I also had to perform on stage with no scores every week. It was a stressful experience because lecturers and peers would give their feedback after each performance. There is no hiding if you did not practice. The advantage I enjoyed was my maturity and stability; I am more self-aware and confident now in my 40s than when I did my banking degree in my 20s. I took on this jazz degree on my own terms, no one asked me to. Also, my faith and support from my husband and children made this possible.
As for the disadvantages, my body gets tired more easily due to my age! My classmates are young too, so we don’t have really common topics at times. I even remember a young classmate coming up to me asking how old I was on orientation day. I also had to overcome other challenges like learning new technology for sound engineering and performance set up.
You’ve always been musically inclined since childhood, why is it that being a musician was not the first career that you pursued?
Music requires a lot of discipline, and perhaps I was not ready back then. I remember being fascinated with the banking and finance industry; my curiosity in banking made me pursue it as a career.
Tell us about a typical day in the life of a jazz musician.
During my full-time studies, my day started at 6:30 AM. I send my kids, Charles and Christina, to school every day. After dropping them off, I exercise, buy groceries, practice piano, do my school homework and go to school for lessons. I also taught piano on certain days and had weekly rehearsals with my band. At the end of the day, I’ll come home, review my kids’ school work and my own work, and cook dinner for the family.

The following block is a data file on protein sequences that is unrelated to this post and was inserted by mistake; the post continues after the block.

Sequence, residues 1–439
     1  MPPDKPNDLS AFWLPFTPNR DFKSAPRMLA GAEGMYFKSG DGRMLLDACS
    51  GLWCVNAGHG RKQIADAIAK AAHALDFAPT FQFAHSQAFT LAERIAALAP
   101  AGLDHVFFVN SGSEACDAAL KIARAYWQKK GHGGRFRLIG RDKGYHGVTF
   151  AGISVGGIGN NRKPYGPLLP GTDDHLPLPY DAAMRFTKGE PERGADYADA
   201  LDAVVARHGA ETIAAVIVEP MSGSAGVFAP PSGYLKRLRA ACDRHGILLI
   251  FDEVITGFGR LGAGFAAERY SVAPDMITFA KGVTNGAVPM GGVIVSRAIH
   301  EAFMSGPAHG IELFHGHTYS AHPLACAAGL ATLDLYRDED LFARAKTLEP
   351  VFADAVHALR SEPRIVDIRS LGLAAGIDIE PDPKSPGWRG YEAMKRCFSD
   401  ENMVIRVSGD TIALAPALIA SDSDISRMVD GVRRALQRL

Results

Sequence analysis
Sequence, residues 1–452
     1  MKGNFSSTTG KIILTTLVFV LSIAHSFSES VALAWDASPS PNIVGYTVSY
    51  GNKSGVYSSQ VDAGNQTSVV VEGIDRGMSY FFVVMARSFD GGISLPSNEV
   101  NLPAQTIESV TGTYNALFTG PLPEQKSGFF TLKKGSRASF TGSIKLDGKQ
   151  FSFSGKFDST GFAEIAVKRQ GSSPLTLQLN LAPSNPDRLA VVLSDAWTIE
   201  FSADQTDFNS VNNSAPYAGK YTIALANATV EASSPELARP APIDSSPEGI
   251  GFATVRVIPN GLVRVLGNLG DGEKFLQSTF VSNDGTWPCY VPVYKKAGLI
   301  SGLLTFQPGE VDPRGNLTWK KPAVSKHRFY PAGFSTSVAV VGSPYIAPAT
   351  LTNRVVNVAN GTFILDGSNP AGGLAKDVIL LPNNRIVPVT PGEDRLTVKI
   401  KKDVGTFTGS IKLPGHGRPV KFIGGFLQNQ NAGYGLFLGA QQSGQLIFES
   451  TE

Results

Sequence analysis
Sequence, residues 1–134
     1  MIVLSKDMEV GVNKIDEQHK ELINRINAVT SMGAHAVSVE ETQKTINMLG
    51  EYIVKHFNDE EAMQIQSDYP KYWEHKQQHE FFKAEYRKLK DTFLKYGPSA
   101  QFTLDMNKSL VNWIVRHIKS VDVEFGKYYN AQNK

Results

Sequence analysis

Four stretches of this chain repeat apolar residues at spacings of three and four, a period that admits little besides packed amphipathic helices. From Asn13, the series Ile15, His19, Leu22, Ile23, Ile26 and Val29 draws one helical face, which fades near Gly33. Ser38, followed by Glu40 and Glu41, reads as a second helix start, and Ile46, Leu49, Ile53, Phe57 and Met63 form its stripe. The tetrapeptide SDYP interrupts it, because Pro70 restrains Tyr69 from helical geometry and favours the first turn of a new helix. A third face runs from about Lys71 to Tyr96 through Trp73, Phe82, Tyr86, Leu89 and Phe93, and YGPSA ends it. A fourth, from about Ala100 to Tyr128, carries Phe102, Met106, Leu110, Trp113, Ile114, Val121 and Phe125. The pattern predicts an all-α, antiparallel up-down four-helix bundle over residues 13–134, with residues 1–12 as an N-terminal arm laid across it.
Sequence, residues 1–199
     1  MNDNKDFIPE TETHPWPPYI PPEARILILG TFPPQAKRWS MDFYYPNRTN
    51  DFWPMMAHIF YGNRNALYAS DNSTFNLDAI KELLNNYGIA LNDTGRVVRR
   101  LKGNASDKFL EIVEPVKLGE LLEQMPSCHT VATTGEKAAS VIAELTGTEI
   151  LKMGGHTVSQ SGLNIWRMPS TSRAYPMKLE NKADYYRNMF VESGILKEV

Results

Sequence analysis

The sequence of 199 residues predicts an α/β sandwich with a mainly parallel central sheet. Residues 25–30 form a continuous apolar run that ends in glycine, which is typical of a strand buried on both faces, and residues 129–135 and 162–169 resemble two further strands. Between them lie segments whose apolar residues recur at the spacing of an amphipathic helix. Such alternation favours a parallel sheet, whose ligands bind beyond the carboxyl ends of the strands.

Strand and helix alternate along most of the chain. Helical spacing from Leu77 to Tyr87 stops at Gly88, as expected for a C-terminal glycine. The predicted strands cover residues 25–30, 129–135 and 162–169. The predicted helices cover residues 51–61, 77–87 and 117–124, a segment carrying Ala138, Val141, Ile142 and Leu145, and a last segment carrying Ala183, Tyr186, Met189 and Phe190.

As for the pandemic, life still goes on. This pandemic makes us realise what matters to us the most. Whilst I love being a jazz pianist, I place my family first. I have no rituals but I am a Christian and I always pray and thank God for his blessings. I also like to start off my concerts with a hymn to honour God.
How do you stay inspired?
I stay inspired by practising new tunes with Evolution Quartet members; we motivate and inspire each other. When it's possible, I travel to see things and explore and I get inspiration from the places and people I meet. When I could, I attend jazz festivals and concerts around the world and speak to jazz masters because learning from dedicated lecturers motivate me.
I also exercise outdoors around nature to clear the mind. I pray for God’s guidance. Last but not the least, I draw strength and support from family and friends who believe in me. When I learn to love myself first, then I can be of help to others. This will show in the music I play.
Name your five Clozette essentials.
A nice leather bag, a pair of pink heels, my Stella McCartney sneakers, my classic Chanel jacket, and a classic long pearl necklace by Chanel.
Inspired? Check out stories of other exceptional women here.